Section number: This information applies to ALL face-to-face sections
Delivery format: Hyflex/Online/Face to Face
Prerequisites: MATH 1300:Fundamentals of Mathematics, or a satisfactory score on a placement examination. *Note: This course is an introduction to Mathematics for students in the Humanities, Social Sciences, and Fine Arts. This course may not apply to course or GPA requirements for a major or minor in the College of Natural Sciences and Mathematics. Students may not receive credit for both MATH 1310 and MATH 1311.
Course Description: Functions, graphs, rates of change, mathematics of finance, optimization, and mathematics of decision making.
Textbook: Functions and Change, 6th Edition, Crauder, Evans and Noell, Houghton-Mifflin 2016. ISBN: 9781337111348
*Note: The information contained in this class outline is an abbreviated description of the course. Additional important information is contained in the Departmental Course Policies statement and at your instructor’s personal webpage. You are responsible for knowing all of this information.
Upon successful completion of this course, students will understand and be able to apply properties of polynomial, rational, exponential, logarithmic, and power functions in modeling simple real-life scenarios from business, social sciences, the natural sciences, and personal finance. Appropriate choices for modeling come primarily from consideration of rates of growth or decay over discrete increments or from graphical representations of data, possibly data with noise. Students will utilize graphing calculators or spreadsheet programs in simulating and analyzing models. They will translate ordinary language descriptions of a problem into mathematical expression, employ valid, logical approaches to solving the problem, and be able to communicate the results again in ordinary language.
A student in this class is expected to complete the following assignments:
- 3 Regular Semester Exams
- Final Exam
- Online Quizzes – 1 or 2 per chapter
- Homework – for each section of the textbook covered in class
- 20+ Poppers – in-class quizzes given daily starting the 3rd week of classes.
45% Grading Regular Exams (15% each)
15% Final Exam
15% Online Quizzes
Math 1311: Elementary Mathematical Modeling – Outline
Chapter 1: Functions
Functions given by Formulas
Functions given by Tables
Functions given by Graphs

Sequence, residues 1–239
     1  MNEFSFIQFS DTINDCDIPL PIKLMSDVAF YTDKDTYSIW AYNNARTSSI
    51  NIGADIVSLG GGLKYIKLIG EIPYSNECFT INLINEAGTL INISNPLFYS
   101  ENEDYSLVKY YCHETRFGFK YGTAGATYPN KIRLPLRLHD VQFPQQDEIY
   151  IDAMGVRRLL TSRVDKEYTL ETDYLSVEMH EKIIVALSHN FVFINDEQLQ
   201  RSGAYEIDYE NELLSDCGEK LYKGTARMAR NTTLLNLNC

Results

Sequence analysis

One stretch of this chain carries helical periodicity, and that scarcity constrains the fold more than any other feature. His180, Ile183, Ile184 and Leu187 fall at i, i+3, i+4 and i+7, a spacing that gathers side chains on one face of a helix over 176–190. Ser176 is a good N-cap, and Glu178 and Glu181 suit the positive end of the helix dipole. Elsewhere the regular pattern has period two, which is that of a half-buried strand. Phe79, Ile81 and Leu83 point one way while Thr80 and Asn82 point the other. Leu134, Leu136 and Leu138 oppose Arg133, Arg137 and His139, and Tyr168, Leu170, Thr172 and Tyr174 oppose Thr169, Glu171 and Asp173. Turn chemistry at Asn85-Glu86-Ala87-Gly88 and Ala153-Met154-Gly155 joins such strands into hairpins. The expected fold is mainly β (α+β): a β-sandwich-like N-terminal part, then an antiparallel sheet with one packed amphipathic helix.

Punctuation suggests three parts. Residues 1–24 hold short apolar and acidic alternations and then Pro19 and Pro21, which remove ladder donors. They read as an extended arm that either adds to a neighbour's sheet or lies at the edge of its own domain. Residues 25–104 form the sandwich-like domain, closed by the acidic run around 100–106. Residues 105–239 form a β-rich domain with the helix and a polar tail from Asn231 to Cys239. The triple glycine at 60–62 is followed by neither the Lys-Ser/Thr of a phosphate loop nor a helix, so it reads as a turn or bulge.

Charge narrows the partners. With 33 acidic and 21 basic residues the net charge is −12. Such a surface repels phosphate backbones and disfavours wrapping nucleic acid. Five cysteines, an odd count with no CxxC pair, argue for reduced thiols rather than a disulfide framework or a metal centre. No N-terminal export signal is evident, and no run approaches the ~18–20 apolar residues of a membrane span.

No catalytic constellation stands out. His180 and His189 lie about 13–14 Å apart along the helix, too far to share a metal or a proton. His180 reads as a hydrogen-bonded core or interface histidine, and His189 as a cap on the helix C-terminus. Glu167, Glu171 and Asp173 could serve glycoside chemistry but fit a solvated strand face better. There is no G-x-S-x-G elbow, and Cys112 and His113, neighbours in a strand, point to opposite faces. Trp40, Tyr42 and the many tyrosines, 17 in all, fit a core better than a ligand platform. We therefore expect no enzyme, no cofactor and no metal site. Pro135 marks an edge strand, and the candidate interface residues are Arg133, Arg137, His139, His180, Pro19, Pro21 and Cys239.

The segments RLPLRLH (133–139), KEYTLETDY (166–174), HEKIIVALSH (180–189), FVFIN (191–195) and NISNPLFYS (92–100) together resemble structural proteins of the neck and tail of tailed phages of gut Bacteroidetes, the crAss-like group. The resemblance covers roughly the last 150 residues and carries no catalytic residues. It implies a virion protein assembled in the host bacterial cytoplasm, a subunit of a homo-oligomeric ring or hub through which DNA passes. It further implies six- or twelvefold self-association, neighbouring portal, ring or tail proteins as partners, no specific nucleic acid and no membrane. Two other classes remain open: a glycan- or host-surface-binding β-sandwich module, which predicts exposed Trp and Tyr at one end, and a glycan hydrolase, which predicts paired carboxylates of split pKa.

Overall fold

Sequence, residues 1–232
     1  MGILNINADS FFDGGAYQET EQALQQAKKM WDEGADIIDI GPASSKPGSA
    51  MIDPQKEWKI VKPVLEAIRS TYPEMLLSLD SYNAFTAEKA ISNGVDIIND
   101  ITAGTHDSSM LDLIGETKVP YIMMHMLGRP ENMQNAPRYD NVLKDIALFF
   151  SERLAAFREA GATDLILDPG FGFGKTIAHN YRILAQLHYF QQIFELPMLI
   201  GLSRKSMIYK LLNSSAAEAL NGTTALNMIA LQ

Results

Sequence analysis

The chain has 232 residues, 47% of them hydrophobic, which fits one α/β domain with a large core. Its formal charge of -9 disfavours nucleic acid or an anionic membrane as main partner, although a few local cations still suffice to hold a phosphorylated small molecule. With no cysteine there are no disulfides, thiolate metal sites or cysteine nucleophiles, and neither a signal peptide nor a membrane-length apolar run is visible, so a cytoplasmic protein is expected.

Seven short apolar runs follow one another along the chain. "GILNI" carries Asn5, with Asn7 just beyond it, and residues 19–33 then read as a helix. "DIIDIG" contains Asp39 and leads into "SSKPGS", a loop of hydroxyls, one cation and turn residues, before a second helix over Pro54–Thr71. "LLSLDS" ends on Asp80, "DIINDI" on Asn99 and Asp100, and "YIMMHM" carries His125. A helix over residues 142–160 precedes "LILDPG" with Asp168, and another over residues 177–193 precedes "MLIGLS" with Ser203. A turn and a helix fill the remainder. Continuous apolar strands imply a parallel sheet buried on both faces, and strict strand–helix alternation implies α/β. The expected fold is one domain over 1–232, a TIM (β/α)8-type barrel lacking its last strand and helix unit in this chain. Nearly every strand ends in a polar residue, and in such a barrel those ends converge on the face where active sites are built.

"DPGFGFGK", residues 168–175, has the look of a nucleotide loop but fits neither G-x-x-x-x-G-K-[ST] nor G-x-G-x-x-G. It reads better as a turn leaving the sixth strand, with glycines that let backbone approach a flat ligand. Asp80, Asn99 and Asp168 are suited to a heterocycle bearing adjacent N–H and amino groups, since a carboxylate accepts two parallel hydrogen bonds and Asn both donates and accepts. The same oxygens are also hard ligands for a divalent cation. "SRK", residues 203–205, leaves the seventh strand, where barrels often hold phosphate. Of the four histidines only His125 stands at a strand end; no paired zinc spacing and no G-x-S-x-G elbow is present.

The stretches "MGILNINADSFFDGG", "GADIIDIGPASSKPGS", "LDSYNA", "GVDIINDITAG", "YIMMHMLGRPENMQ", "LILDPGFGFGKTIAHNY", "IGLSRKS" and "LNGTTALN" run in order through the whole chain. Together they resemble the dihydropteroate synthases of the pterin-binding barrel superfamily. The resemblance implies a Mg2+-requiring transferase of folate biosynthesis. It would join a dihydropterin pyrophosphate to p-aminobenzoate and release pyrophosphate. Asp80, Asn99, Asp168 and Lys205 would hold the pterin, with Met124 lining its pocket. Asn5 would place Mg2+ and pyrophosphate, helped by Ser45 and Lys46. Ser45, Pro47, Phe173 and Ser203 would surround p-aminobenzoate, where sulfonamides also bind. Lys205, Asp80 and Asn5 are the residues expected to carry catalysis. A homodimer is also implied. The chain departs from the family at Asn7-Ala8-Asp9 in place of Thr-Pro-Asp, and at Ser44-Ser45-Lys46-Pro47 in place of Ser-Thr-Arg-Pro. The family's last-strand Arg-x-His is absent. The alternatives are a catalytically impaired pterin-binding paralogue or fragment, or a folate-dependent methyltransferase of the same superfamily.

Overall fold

Functions given by Words
Set Theory for Functions
Chapter 2: Graphical and Tabular Analysis
Tables and Trends
Solving Linear Equations
Solving Nonlinear Equations
Chapter 3: Straight Lines and Linear Functions
The Geometry of Lines
Modeling Data with Linear Functions
Systems of Equations
Chapter 4: Exponential Functions
Exponential Growth and Decay
Modeling Exponential Data
Modeling Nearly Exponential Data
Connecting Exponential and Linear Data
Chapter 5: A Survey of Other Common Functions
Modeling Data with Power Functions
Combining and Decomposing Functions
Quadratic Functions and Parabolas
Higher-degree Polynomials and Rational Functions
Chapter 6: Rates of Change
Rates of Change for Other Functions
Estimated Rates of Change
Equations of Change
Academic Adjustments/Auxiliary Aids: The University of Houston System complies with Section 504 of the Rehabilitation Act of 1973 and the Americans with Disabilities Act of 1990, pertaining to the provision of reasonable academic adjustments/auxiliary aids for students who have a disability. In accordance with Section 504 and ADA guidelines, University of Houston strives to provide reasonable academic adjustments/auxiliary aids to students who request and require them. If you believe that you have a disability requiring an academic adjustments/auxiliary aid, please visit The Center for Students with DisABILITIES (CSD) website at http://www.uh.edu/csd/ for more information.
Accommodation Forms: Students seeking academic adjustments/auxiliary aids must, in a timely manner (usually at the beginning of the semester), provide their instructor with a current Student Accommodation Form (SAF) (paper copy or online version, as appropriate) from the CSD office before an approved accommodation can be implemented.
Details of this policy, and the corresponding responsibilities of the student are outlined in The Student Academic Adjustments/Auxiliary Aids Policy (01.D.09) document under [STEP 4: Student Submission (5.4.1 & 5.4.2), Page 6]. For more information please visit the Center for Students with Disabilities Student Resources page.
Additionally, if a student is requesting a (CSD approved) testing accommodation, then the student will also complete a Request for Individualized Testing Accommodations (RITA) paper form to arrange for tests to be administered at the CSD office. CSD suggests that the student meet with their instructor during office hours and/or make an appointment to complete the RITA form to ensure confidentiality.
*Note: RITA forms must be completed at least 48 hours in advance of the original test date. Please consult your counselor ahead of time to ensure that your tests are scheduled in a timely manner. Please keep in mind that if you run over the agreed upon time limit for your exam, you will be penalized in proportion to the amount of extra time taken.
Counseling and Psychological Services (CAPS) can help students who are having difficulties managing stress, adjusting to college, or feeling sad and hopeless. You can reach (CAPS) by calling 713-743-5454 during and after business hours for routine appointments or if you or someone you know is in crisis. No appointment is necessary for the "Let's Talk" program, a drop-in consultation service at convenient locations and hours around campus.